Rowner Renewal is the £145 million regeneration of Rowner, Hampshire.
Zero Carbon Hub, working closely with First Wessex and a number of stakeholders, considered this site to be a unique opportunity to test for the first time the practical implementation of the Fabric Energy Efficiency Standard (FEES) in flats. The project was funded by a Technology Strategy Board scheme, the Building Performance Evaluation (BPE) programme and was also co-funded by the different stakeholders.
The project started in 2010 and has been running ever since. This BPE project investigates the performance of two blocks of flats, 12 flats in each, one designed to the Fabric Energy Efficiency Standard (FEES) and the other to Code for Sustainable Homes (CfSH) Level 3.
The Research Project
The Rowner research project consists of three distinct phases.
Phase I - Post Construction / Initial Occupancy (2010 - 2011)
As FEES had only just been introduced, the Hub helped devise the strategy for how this could be achieved. This phase followed the construction on-site, from day one to the early handover of the flats to the residents. It included interviews with the different teams involved in the construction process, energy prediction modelling, photo documentation of the process, advanced testing of the fabric and surveys.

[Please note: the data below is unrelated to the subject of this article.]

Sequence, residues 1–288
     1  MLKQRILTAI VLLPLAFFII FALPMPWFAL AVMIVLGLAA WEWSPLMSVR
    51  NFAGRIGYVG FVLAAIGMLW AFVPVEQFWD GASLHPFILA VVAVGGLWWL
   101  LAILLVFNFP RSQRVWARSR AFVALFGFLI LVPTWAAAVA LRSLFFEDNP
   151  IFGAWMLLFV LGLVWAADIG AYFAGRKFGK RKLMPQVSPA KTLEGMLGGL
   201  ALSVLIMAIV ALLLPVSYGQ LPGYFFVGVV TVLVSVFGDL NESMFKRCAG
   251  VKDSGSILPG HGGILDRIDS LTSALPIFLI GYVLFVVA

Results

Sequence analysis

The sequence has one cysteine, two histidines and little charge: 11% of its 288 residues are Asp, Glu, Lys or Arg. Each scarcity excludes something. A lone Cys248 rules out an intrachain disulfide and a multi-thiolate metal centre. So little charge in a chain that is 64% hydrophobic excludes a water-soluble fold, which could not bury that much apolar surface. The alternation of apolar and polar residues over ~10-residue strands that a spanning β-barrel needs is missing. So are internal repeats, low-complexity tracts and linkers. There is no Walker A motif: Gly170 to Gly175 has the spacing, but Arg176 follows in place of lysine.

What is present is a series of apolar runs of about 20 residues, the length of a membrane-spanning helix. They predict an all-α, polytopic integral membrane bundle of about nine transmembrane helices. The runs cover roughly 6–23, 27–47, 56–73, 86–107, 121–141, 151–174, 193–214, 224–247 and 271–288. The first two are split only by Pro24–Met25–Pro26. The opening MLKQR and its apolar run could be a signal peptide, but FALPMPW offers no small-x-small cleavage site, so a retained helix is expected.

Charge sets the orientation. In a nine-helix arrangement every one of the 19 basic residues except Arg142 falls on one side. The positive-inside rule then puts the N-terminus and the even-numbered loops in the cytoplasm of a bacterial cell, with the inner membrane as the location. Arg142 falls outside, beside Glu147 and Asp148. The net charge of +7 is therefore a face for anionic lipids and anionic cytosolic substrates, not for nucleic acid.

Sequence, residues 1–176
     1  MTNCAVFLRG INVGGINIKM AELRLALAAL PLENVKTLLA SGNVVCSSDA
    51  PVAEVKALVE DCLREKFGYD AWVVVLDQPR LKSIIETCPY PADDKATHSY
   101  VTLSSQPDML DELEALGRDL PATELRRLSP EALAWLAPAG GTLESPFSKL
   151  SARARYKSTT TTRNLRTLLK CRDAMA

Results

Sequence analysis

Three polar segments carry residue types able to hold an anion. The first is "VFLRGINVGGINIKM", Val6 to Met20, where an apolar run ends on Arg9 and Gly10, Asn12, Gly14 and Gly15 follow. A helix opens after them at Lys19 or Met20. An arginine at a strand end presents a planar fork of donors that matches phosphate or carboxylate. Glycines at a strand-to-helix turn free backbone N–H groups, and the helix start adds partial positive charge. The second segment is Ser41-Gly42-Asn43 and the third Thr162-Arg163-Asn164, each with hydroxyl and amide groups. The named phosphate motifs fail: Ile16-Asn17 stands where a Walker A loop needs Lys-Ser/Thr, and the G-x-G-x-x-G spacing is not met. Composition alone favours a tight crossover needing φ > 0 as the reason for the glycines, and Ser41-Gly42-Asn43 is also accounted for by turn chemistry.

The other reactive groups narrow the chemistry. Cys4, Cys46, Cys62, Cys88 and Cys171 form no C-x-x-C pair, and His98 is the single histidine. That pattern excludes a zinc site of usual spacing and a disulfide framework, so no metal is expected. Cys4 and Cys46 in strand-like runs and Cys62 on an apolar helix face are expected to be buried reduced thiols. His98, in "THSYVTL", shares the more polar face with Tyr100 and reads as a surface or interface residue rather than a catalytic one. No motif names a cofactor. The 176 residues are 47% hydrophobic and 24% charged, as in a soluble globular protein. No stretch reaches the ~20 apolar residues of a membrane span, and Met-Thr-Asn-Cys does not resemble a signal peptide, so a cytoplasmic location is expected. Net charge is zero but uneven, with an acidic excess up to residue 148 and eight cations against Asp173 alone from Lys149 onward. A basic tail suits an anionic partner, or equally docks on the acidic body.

Phase II – Post occupancy evaluation (2011 - 2013)
This phase gathered information in regards to a wide range of parameters which can impact internal comfort, occupancy patterns and analysis of trends of gas, water and electricity consumption. The difference in energy consumption between the two blocks was also investigated.
Phase III - Overheating Study (2012 - 2013)
Running in parallel with the second year of phase II, the overheating studies analysed in more detail data gathered from advanced monitoring of a number of flats to evaluate the potential of overheating occurring in highly insulated buildings. Along with temperature and humidity, the window opening and closing trends were also monitored.
The research project at Rowner looks into all these aspects and the research can be broadly explained in terms of:
- Testing and analysis of building fabric.
- Evaluation of design intent and site practices.
- Analysis of operational efficiency of fixed building services.
- Evaluation of handover and occupant engagement.
- Analysis of post-occupancy fuel and resource consumption.
- Evaluation of internal environment and comfort.
- Occupant satisfaction.
A series of leaflets focusing on specific aspects for Phase I has now been produced. These publications can be found below:
- Rowner Research Project Phase I : Concept
- Rowner Research Project Phase I : Design Strategy
- Rowner Research Project Phase I : Construction Process
- Rowner Research Project Phase I : Testing Programme
- Rowner Research Project Phase I : Occupants Perspective
Phase II and Phase III reports have now been produced and can be found below